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Life in Brazil costs an arm and a leg

February 7, 2010

A worker that earns the average Brazilian salary would need to work 40 minutes in São Paulo and 51 minutes in Rio to buy a Big Mac. In contrast, an average New Yorker would have to work mere 14 minutes to buy McDonald’s bestselling sandwich. The so-called Big Mac Index is only one of the instruments used by the Swiss bank UBS to illustrate the fluctuations of the purchasing power in several parts of the world.
São Paulo and Rio are, indeed, pricey cities. The disproportion is the same for other products. To buy 1 kilo of rice, for instance, you have to work 12 minutes in São Paulo, 15 in Rio and 8 in New York.
Still according to UBS – that systematically compares the cost of life in 73 cities – São Paulo got the 45th position and Rio the 48th in the last survey. This means they are more expensive than Prague, Bangkok, Beijing or Moscow. Naturally, there are fluctuations depending on the product or service you look at. Even if renting an apartment is expensive in Brazilian metropolis it cannot be compared to the exorbitant NY rentals. This explains why New York appears in the UBS study as the 6th most expensive metropolis.

Thomas Berner, an American economist that works for UBS on this study, says prices have been growing consistently in Rio and São Paulo in the last 10 years. The price of the products and service that the bank uses as a reference became aproximately135% more expensive in reais, the national currency, between 2000 and 2009. Berner was interviewed by G1, a website related to Globo, the main Brazilian news network. G1 chose the Honda Civic to illustrate this. The car costs around 15,000 dollars in the United States and 65,000 reais (35,000 dollars) in Brazil.

Once the average income didn’t grow proportionally, you have to work many more hours to keep buying the same. Consequence: the average paulistano may consume less than half what a New Yorker can purchase.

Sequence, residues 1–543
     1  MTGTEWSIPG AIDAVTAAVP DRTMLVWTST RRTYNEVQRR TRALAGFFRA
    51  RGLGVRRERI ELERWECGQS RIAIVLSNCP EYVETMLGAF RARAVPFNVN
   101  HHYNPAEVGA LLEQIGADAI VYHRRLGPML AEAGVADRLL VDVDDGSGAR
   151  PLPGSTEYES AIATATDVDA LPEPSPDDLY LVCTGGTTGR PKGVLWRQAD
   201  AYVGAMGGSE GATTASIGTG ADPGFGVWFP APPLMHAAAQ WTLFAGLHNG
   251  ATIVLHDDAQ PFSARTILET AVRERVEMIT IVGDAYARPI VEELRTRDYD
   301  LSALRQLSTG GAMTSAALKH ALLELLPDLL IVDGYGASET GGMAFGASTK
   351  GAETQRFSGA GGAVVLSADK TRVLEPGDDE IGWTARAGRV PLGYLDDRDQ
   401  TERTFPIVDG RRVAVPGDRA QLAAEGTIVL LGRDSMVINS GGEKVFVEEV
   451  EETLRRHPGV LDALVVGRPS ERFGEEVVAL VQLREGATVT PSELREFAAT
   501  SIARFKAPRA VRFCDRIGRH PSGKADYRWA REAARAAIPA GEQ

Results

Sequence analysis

What is your experience? Do you find you find your purchasing power lower in Brazil?

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Brazil in numbers

February 4, 2010

From  useful to futile, numbers that help explaining the country.

  • 43% of adults that live in state capitals are overweight.
  • Those who have access to the internet spent 2.8 days connected in the month of September.
  • 9% of the kids born in 2008 were not registered.
  • 473 million reais ( 256.6 million dollars or 184.5 million euros) were collected by the government of the city of São Paulo thanks to driving and parking tickets. 99% of the Brazilian cities have budgets lower than that.
  • 57% of the inhabitants of the city of São Paulo would like to move away (Is this related to the previous number? Maybe).
  • Brazil is the 88th country in the education ranking produced by Unesco. Paraguay and Bolivia are in better shape.
  • 1 in 5 Brazilians that have a formal job works for the public service.
  • President Lula spent 87 days abroad in 2009 – a personal record.
  • 9 in 10 Brazilians have a cell phone.
  • 500 million reais (271.3 million dollars or 195 million euros) will be spent to fix up Maracanã stadium, in Rio, for the 2014 World Soccer Cup.
  • The Brazilian delegation to the UN Climate Summit in Copenhagen last December had 743 members. It was three times bigger than the American delegation.
  • 1819 houses and buildings at Brazilian roadsides have been used for child prostitution. It’s one every 27 kilometers.

Source: recent editions of Veja magazine

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Brazilian Economy 101

January 24, 2010

Investment U, a newsletter of a an investment consultants group, released a few days ago a small report about the health of Brazilian Economy to allure their clients into this market. I don’t know their work or credentials, but this report offers a nice summary of what’s going on.

Yes, it is optimistic and, yes, I am sure you will find other specialists that would disagree with their analysis. After all, If you have two economists in a desert island, you will for sure have at least three conflicting opinions. But this could be a good starting point for those beginning to explore Brazilian investments.

Basically, Investment U points out that there is a solid economy foundation:

“~ Commodities: Brazil holds a strong position in commodities like sugar, iron ore, soybeans, orange juice, pulp, paper, and now even oil.